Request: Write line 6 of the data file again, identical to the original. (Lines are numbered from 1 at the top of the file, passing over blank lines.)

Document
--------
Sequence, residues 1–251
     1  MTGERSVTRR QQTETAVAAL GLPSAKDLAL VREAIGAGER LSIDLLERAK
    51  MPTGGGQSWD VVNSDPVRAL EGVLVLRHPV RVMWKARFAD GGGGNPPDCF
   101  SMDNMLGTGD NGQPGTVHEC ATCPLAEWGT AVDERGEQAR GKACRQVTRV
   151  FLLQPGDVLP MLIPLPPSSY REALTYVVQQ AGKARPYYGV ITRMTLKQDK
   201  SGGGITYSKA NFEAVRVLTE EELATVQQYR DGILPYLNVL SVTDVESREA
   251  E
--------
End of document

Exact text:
   201  SGGGITYSKA NFEAVRVLTE EELATVQQYR DGILPYLNVL SVTDVESREA